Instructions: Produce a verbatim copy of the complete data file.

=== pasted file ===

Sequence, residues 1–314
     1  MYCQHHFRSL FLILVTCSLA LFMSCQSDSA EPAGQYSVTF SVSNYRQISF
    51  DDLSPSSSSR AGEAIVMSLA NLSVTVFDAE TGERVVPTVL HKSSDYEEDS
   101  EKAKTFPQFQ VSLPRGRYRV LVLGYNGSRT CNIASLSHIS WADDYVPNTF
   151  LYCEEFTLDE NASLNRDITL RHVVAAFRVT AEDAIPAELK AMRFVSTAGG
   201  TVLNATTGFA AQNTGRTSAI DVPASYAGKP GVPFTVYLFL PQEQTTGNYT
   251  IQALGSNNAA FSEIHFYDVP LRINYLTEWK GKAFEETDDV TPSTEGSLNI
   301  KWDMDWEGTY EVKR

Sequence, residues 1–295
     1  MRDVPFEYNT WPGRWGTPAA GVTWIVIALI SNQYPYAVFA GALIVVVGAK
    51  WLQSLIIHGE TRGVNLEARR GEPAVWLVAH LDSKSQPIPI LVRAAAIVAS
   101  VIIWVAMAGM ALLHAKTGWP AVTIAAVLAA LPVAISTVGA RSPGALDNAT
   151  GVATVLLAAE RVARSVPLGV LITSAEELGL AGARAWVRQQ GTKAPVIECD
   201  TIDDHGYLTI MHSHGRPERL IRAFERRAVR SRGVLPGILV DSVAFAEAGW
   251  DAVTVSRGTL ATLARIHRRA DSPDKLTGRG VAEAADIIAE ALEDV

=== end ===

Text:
Sequence, residues 1–314
     1  MYCQHHFRSL FLILVTCSLA LFMSCQSDSA EPAGQYSVTF SVSNYRQISF
    51  DDLSPSSSSR AGEAIVMSLA NLSVTVFDAE TGERVVPTVL HKSSDYEEDS
   101  EKAKTFPQFQ VSLPRGRYRV LVLGYNGSRT CNIASLSHIS WADDYVPNTF
   151  LYCEEFTLDE NASLNRDITL RHVVAAFRVT AEDAIPAELK AMRFVSTAGG
   201  TVLNATTGFA AQNTGRTSAI DVPASYAGKP GVPFTVYLFL PQEQTTGNYT
   251  IQALGSNNAA FSEIHFYDVP LRINYLTEWK GKAFEETDDV TPSTEGSLNI
   301  KWDMDWEGTY EVKR

Sequence, residues 1–295
     1  MRDVPFEYNT WPGRWGTPAA GVTWIVIALI SNQYPYAVFA GALIVVVGAK
    51  WLQSLIIHGE TRGVNLEARR GEPAVWLVAH LDSKSQPIPI LVRAAAIVAS
   101  VIIWVAMAGM ALLHAKTGWP AVTIAAVLAA LPVAISTVGA RSPGALDNAT
   151  GVATVLLAAE RVARSVPLGV LITSAEELGL AGARAWVRQQ GTKAPVIECD
   201  TIDDHGYLTI MHSHGRPERL IRAFERRAVR SRGVLPGILV DSVAFAEAGW
   251  DAVTVSRGTL ATLARIHRRA DSPDKLTGRG VAEAADIIAE ALEDV